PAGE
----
Monday, 29 May 2017

No end in sight: "War Machine"

In the end, the issue may lie at the point of departure, not the point of delivery. The trade press has been ablaze these past few weeks with the debate, originated in Cannes, over the right of Netflix's original features to compete in festivals intended to showcase big-screen fare. If there is a "Netflix problem", however, it strikes me as developing further up the conveyor belt: that here is an organisation blessed with increasingly vast amounts of subscriber money, and creatives lining up to receive a benevolence currently denied to them by the comic book-obsessed studios, but without the hard-nosed producers who could better regulate the flow of cash for content. These are the middlemen who might, for example, have hovered over Aziz Ansari's shoulder and suggested that Season Two of Master of None was getting cutesy, and that its female love interest needed at least one more rewrite; who might have deigned to tell Tina Fey that the brilliant comic ideas bubbling up in the course of a 30-minute Kimmy Schmidt episode might be better served by a 23/25-minute cut, of the kind that made 30 Rock a show for the ages; or simply have sidled up to Baz Luhrmann as he was effusing about The Get Down, and uttered a deflating but necessary "nah". (The precedent would be HBO, who at the turn of the Nineties turned subscriber revenue into a run of useful made-for-TV movies, stand-up specials and boundary-pushing series - but that service had the personnel on hand to trim the fat where necessary, and it wasn't handing Adam Sandler an allowance every couple of months.)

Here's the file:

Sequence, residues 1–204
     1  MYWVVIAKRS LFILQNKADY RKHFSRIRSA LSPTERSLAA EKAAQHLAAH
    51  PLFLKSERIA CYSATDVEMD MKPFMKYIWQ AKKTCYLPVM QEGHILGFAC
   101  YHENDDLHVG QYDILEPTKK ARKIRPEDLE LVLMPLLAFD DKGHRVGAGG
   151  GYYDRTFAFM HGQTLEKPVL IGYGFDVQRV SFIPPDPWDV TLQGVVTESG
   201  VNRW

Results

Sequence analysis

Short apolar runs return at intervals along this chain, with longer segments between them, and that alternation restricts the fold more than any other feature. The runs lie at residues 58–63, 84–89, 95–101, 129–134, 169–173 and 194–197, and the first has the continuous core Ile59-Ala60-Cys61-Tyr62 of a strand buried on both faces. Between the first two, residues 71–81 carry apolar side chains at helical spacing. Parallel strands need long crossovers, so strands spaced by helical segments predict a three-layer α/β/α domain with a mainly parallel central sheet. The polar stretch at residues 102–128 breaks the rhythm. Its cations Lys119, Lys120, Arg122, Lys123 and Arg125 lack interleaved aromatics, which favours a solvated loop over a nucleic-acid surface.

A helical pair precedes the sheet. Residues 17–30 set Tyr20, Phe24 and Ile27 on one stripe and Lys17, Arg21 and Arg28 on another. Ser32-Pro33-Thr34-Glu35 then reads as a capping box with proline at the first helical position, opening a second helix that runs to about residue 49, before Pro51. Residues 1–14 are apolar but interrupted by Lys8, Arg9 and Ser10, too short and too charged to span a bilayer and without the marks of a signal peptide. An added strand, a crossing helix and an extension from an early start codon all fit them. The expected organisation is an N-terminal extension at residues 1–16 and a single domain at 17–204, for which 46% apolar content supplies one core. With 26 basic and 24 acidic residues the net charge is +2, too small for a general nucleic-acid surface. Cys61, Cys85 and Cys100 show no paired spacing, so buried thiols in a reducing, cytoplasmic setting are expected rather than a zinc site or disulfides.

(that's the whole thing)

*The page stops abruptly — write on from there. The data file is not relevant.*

I was struck again by this absence while watching this weekend's new release War Machine, a Brad Pitt-starring, Brad Pitt-produced satire that looks to have passed onto our screens without any of the usual checks and balances that might ensure us a good time. The source is journalist Michael Hastings' non-fiction tome The Operators: The Wild and Terrifying Inside Story of America's War in Afghanistan, centring on a hands-on, take-no-prisoners general who came late to this conflict (in 2009) and increasingly found his primary objective wasn't - as anticipated - rallying the troops to a decisive victory over the Taliban, rather putting glitter on what was, by that point, a towering and especially odoriferous turd. In the book, this figure was the hapless Stanley McChrystal, focus of Hastings' hellzapoppin' Rolling Stone profile "The Runaway General"; presumably at the behest of lawyers, the movie offers us Pitt huffing and puffing away in camouflage garb that bears the name tag Glen McMahon. Very quickly, you see where some additional degree of intervention might have been beneficial. For starters, it needed someone behind the scenes to point out how, for all the material's inherent absurdity, the natural inclination of this story is towards tragedy or at best tragicomedy; that any attempt at remodelling it as a goofy good time would simply be to read against the grain of Hastings' words. It also, more immediately, needed a more objective judge than Brad Pitt to point out the myriad ways in which Pitt's performance as McMahon simply wasn't working.